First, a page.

In the illustration, a twelve-year-old Miss Wade (who looks much older) overhears a conversation between her best friend and the friend's aunt from the corner of a greenhouse. Mahoney describes the friend as slight, small for her age, and blonde, but dark-haired, sharp-featured Miss Wade as mature for her age, and apparently an astute observer of others — and yet she is wholly mistaken in her judgments of others, taking umbrage at kindness which she receives as a reminder of her class inferiority. Her psychopathology is so developed as a young adult that she consistently sees her employers as proud, spiteful, and condescending. In Mahoney's illustration of this pivotal childhood event several decades previous, Miss Wade recalls the circumstances of the overheard conversation in vivid detail, although Mahoney has had to supply the manner of dress of the three females, contrasting the light-coloured dresses of her friend and friend's aunt with the black dress and dark hair of the eavesdropper, who only vaguely resembles the Miss Wade at the beginning of Mahoney's narrative-pictorial sequence, The observer stood with her hand upon her own bosom, looking at the girl (Book 1, Chapter 2).

The events which she describes [except perhaps her perceptions of Henry Gowan] are clearly open to more interpretations than the once she puts upon them. Her fierce attachment to her childhood friend and her identification with the girl whom she later takes to live with her [Tattycoram] seem at least implicitly lesbian, and such details combine to suggest that her particular "truth" is a delusion. [Thomas 123]

Images of Miss Wade and Tattycoram, 1856 through 1910

Left: Phiz's original serial illustration depicting the emotionally distraught Harriet Meagles (a. k. a., "Tattycoram"), Under the microscope (December 1855: I: 2). Centre: Sol Eytinge, Junior's Diamond Edition character study of the severe spinster and the girl whom she has taken in, Miss Wade and Tattycoram (1867). Right: Harry Furniss's illustration of the proud, bitter spinster (right) and the rebellious maid, Tattycoram and Miss Wade (1910). [Click the on the images to enlarge them.]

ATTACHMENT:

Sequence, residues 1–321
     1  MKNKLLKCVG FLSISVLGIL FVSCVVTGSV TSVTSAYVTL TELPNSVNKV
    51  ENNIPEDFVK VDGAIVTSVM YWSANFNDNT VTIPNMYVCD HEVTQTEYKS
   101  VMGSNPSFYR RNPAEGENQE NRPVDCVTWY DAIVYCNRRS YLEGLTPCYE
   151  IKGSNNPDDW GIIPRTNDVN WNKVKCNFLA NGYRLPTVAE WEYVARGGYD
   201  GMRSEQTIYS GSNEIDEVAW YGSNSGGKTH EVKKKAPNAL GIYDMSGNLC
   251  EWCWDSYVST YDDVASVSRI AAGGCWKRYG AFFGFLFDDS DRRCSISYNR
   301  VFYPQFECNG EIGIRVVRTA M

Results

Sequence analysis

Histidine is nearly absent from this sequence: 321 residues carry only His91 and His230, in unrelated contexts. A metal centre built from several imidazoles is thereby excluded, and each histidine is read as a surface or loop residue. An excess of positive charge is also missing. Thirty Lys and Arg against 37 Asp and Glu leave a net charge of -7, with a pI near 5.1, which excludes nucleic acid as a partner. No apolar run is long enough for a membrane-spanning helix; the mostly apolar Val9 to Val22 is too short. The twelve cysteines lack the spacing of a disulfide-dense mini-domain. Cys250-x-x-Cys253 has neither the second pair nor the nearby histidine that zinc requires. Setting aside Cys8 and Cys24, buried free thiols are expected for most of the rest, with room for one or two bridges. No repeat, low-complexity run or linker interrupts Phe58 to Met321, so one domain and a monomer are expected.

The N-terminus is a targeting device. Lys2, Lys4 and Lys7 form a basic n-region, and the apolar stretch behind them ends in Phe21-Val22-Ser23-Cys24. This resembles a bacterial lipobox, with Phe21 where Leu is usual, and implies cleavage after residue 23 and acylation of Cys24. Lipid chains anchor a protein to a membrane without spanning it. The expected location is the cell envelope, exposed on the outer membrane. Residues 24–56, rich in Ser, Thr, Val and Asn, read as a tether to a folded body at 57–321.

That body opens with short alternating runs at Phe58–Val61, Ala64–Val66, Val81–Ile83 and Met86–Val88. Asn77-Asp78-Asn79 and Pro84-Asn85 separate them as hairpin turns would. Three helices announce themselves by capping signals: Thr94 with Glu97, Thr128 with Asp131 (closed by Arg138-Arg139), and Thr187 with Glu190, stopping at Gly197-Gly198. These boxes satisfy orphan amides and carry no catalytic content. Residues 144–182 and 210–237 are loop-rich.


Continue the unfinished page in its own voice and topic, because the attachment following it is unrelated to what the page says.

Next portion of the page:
Above: Mahoney's study of the the calculating Miss Wade and the distraught Tattycoram when the latter takes refuge from the Meagles, whose attentions she interprets as mistreatment, in Book 1, Chapter 2, The observer stood with her hand upon her own bosom, looking at the girl [Click on image to enlarge it.]


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Dickens, Charles. Little Dorrit. Frontispieces by Felix Octavius Carr Darley and Sir John Gilbert. The Household Edition. 55 vols. New York: Sheldon & Co., 1863. 4 vols.

Dickens, Charles. Little Dorrit. Illustrated by Sol Eytinge, Jr. The Diamond Edition. Boston: Ticknor & Fields, 1867. 14 vols.

Dickens, Charles. Little Dorrit. Illustrated by James Mahoney. The Household Edition. 22 vols. London: Chapman and Hall, 1873. Vol. 5.

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Lester, Valerie Browne. Ch. 12, "Work, Work, Work." Phiz: The Man Who Drew Dickens. London: Chatto and Windus, 2004. Pp. 128-160.

"Little Dorrit — Fifty-eight Illustrations by James Mahoney." Scenes and Characters from the Works of Charles Dickens, Being Eight Hundred and Sixty-six Drawings by Fred Barnard, Gordon Thomson, Hablot Knight Browne (Phiz), J. McL. Ralston, J. Mahoney, H. French, Charles Green, E. G. Dalziel, A. B. Frost, F. A. Fraser, and Sir Luke Fildes. London: Chapman and Hall, 1907.

Schlicke, Paul, ed. The Oxford Reader's Companion to Dickens. Oxford and New York: Oxford U. P., 1999.

Steig, Michael. Dickens and Phiz. Bloomington: Indiana University Press, 1978.

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Last modified 15 June 2016